I have had the pleasure of living in Bo-Kaap for the past two weeks with a beautiful homestay family. Bo-Kaap is home to South Africa’s Muslim community. It is a visually stunning area of Cape Town which is always full of tourists taking pictures.
Fitting for the rainbow country
I had the absolute best homestay experience in Bo-Kaap. I was in a huge family with eight kids, and though they’re exhausting, they are so sweet and this experience is so rewarding. My house also was at the top of the hill which meant I had a beautiful view of the city.
I learned that you don’t have to choose between the city and the mountains!
I’m currently living near Bo-Kaap with my sister while on my one-week break, but I already miss it. Monday we leave for Brazil, and while I’m super excited for what’s to come, I am so sad to leave Cape Town. I know for sure that I will be coming back here whenever possible.
So an update on my adventures: I’ve been in Cape Town for two weeks, and I will have several posts with many pictures of my time here, but I wanted to dedicate just one post to the hiking I’ve been doing, because it’s a lot for this city girl!
The first mountain I climbed was in Muizenberg, and even though it was the smallest, it was the most physically draining because I took one of the hardest routes up. The view was so worth it though!
on top of a mountain!
Then, my sister (who is also a BMC alum) flew out to spend my vacation week with me in Cape Town. Our first hike together, and her first hike ever, was to the top of Lion’s Head. She realized her fear of heights throughout this journey, but we made it to the top nonetheless and the view was stunning!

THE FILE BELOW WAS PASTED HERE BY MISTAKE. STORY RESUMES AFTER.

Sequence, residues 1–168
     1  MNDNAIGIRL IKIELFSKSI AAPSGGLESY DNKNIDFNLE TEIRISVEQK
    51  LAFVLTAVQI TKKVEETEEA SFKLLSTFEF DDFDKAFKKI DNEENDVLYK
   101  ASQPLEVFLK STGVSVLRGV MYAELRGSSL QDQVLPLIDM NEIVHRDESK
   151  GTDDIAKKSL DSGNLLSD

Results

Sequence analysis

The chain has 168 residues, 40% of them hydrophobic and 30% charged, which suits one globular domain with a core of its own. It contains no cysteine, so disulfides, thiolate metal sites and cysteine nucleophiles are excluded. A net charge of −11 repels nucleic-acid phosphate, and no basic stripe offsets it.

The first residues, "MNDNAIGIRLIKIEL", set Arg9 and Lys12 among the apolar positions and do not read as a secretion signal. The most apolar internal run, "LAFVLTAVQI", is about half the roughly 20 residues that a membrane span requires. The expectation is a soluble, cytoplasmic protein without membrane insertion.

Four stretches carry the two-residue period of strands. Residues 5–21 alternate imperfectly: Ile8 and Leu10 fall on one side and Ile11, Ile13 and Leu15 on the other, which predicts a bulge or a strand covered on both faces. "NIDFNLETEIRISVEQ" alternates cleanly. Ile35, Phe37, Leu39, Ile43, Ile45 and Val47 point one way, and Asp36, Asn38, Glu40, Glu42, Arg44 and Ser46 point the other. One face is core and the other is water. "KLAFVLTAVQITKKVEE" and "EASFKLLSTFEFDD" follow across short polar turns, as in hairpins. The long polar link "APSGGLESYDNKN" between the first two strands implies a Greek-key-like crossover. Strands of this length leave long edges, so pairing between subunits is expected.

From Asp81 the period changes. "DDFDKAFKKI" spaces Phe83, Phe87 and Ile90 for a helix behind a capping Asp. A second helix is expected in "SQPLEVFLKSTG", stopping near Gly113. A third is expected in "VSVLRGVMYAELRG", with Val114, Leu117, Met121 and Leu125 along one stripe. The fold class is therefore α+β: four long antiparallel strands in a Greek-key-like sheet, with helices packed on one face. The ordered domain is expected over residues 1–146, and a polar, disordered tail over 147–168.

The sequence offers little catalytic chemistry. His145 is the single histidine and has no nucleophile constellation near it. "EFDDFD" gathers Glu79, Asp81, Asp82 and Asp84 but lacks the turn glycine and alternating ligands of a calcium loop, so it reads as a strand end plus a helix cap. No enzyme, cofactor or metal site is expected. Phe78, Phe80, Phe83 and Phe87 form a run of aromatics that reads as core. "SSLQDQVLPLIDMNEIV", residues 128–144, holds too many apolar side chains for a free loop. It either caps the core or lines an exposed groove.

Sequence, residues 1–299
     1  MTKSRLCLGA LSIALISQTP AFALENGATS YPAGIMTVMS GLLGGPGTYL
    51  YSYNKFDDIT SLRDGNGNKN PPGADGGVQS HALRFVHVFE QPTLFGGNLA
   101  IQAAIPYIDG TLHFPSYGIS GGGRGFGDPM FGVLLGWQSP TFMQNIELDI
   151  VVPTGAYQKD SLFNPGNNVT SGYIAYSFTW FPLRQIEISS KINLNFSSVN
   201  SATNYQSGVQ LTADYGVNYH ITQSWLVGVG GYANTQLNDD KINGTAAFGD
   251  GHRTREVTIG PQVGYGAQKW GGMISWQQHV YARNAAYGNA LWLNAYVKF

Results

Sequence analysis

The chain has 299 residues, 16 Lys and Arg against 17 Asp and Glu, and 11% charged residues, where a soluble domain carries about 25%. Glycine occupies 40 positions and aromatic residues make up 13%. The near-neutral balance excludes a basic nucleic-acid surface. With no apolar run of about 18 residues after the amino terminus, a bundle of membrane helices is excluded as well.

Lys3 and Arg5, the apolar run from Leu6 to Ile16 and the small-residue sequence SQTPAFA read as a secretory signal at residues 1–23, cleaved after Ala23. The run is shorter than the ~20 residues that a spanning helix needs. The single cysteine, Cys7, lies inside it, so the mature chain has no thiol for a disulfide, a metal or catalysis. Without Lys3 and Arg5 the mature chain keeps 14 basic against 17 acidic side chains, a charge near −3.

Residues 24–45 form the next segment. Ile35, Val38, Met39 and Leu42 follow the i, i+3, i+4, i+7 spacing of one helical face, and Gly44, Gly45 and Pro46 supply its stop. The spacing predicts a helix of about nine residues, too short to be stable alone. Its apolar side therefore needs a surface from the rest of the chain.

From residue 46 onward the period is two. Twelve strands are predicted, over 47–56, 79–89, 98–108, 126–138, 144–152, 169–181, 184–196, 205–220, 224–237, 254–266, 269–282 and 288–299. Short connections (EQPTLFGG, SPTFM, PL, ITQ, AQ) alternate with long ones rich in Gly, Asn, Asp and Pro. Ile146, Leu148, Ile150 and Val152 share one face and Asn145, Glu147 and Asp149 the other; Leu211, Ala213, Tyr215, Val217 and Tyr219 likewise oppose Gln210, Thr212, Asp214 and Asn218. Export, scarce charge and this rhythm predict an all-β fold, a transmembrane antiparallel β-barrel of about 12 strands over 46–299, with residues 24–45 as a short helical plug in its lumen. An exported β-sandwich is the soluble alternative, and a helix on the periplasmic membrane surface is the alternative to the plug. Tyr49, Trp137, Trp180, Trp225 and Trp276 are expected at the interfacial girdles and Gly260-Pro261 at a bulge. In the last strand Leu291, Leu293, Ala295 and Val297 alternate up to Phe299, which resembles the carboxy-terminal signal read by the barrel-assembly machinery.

Bryn Mawr women on top of Lion’s Head!
AND today we did Table Mountain! My sister was super scared of hiking again so we ended up taking the cable car up. But it was still such a cool experience. When you’re on top of Table Mountain, it feels like you’re in a cloud!
I used to hike in early high school and then I stopped, so I’m really glad I’ve had the opportunity to take up hiking again while abroad. Maybe I’ll keep it up in the future!
Though I like to act as least “touristy” as possible, there are so many cool things about Cape Town that just make the tourist in me jump out.
Now that I’m on break, I’ve been doing a lot more sight seeing. Below, I have pictures of different things I’ve done!
We went to Boulders Beach to see the penguins!
This is my sister at Cape of Good Hope (the southernest point of SA)
I’m always at the waterfront!
Boat ride off of the Waterfront! (Table Mountain in the background)
This is me when I took a tour of the University of Cape Town (which was beautiful and full of so many amazing students)
Me and my study-abroad friends at the Saturday market (which is super cool and should definitely be checked out by everyone visiting CT)
Left on our to-do list is Robben Island (where Mandela was held), hopefully paragliding, and lots of eating!!
Hello everyone! I just got back to Muizenberg after two weeks in Zwelethembe, Worcester, South Africa. This was a rural area of South Africa, where we lived and did our studies to kick off the program. This township was specifically designed by the apartheid government for black Africans during apartheid. Today, it’s home to many people who I got the privilege to meet and live amongst. This township is tight-knit, and my homestay family and neighbors made these two weeks so beautiful. Every morning we were greeted by the kids playing in the street who also walked us home. They were so sweet!
Me and my roommate with our homestay mother
Zwelethembe had the most beautiful mountains and views. I was originally worried about being in a rural stay for two whole weeks because I’m so used to being in cities, but the community here is so warm and the environment is beautiful. IHP also kept us busy with classes and tons of site visits, so I was never bored.
My view every morning
Me in my classroom
I already miss Zwelethembe and my homestay mother. Maybe someday life will take me back to visit this sweet township!